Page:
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  • Author or Editor: Toshirou Iwasaki x
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Objective

To compare results of laboratory tests in dogs with vena caval syndrome before and after surgical removal of heartworms.

Design

Longitudinal uncontrolled clinical trial.

Animals

51 dogs with vena caval syndrome.

Procedure

Heartworms were removed from the area of the tricuspid valve and pulmonary arteries via venotomy and by use of flexible alligator forceps. Blood samples were obtained before and 10 days after removal of heartworms. Red and white blood cell counts were determined, using an automated cell counter. Biochemical tests were performed, using a dry chemical method.

Results

45 dogs survived the procedure, and 6 died or were euthanatized after surgical treatment. After surgery, RBC count and total protein, albumin, calcium, and sodium concentrations increased, and total bilirubin, ammonia, BUN, creatinine, uric acid, and potassium concentrations decreased in dogs that survived. Creatine kinase, L-lactate dehydrogenase, and amylase activities decreased, whereas alkaline phosphatase and ɣ-glutamyltransferase activities and total cholesterol concentration increased. Alanine transaminase activity decreased in 27 dogs but increased in 3 dogs. Changes in test results in dogs that did not survive were similar to those in dogs that did survive. Significant differences were found in RBC count, ɣ-glutamyltransferase activity, and total protein, total cholesterol, BUN, and total bilirubin concentrations before and after removal of heartworms.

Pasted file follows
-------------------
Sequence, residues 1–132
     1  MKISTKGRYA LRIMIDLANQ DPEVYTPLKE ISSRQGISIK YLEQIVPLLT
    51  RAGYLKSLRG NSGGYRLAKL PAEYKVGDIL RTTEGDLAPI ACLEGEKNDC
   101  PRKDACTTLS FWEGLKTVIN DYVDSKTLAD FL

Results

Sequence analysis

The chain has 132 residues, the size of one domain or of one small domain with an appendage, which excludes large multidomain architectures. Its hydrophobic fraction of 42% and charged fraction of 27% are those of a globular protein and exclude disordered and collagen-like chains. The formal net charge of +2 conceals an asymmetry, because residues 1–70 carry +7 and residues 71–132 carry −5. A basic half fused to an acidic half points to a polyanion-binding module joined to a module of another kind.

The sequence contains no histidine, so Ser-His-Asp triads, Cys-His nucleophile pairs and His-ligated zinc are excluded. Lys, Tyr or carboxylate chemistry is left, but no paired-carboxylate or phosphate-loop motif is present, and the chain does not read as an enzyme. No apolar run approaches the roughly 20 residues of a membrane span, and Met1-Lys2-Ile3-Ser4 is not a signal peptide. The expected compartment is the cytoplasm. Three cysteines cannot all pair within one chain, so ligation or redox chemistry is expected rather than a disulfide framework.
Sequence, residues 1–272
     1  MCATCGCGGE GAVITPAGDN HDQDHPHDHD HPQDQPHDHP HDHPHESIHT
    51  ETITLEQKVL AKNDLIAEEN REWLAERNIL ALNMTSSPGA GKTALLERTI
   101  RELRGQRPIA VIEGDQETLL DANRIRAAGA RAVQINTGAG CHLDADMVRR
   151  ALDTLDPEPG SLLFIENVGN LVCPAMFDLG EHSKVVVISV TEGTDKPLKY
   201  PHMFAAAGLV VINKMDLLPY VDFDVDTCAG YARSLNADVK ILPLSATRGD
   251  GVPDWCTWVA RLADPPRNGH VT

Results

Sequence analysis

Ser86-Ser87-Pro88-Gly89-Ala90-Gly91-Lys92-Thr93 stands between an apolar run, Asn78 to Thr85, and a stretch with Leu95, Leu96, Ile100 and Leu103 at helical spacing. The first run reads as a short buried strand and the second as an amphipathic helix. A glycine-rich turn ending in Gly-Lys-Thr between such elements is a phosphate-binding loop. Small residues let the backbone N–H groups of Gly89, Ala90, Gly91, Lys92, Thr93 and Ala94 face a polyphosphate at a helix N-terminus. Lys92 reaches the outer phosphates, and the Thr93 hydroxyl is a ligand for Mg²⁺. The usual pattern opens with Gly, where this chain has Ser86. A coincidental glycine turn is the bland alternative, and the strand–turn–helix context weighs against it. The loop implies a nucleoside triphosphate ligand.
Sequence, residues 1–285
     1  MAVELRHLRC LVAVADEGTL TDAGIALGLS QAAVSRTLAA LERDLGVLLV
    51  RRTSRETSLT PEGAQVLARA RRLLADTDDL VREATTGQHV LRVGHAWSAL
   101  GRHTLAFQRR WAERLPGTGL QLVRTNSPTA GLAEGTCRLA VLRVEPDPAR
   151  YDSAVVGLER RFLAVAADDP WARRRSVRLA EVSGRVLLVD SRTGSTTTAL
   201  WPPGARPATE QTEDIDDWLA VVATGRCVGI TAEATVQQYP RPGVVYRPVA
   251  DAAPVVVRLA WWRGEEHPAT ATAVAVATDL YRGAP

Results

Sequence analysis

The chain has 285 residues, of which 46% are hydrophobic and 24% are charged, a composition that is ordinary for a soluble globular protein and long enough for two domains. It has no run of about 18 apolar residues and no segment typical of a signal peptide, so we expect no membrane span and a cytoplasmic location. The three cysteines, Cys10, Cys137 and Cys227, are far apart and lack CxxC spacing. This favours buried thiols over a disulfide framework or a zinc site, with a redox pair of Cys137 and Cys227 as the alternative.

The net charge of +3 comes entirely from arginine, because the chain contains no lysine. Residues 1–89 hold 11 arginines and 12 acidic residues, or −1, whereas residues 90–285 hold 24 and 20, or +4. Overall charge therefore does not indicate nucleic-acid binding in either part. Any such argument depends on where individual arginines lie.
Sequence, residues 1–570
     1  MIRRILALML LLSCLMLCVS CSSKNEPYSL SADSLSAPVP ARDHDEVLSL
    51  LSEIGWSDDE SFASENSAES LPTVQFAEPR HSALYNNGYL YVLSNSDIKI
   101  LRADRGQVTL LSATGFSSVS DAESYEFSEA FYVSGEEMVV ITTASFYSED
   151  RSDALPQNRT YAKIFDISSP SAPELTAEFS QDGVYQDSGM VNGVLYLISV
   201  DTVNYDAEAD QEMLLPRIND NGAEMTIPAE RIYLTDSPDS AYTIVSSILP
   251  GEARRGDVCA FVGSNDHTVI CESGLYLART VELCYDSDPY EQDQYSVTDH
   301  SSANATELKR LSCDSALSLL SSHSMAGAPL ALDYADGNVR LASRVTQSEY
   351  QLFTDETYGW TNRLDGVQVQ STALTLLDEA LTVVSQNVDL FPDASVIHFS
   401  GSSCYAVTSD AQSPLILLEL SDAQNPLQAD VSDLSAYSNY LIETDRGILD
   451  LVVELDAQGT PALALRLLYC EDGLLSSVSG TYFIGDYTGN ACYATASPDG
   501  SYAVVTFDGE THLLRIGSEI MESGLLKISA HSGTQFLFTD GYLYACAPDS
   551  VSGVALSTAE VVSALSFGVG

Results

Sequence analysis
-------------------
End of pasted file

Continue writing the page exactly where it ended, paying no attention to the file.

Clinical Implications

Hepatic and renal functions improve rapidly after surgical removal of heartworms, presumably because general and pulmonary circulation is normalized. However, cholestasis may develop, and dogs that survive may need additional treatment to preserve hepatic function. (J Am Vet Med Assoc 1998;213:1134-1136)

Free access
in Journal of the American Veterinary Medical Association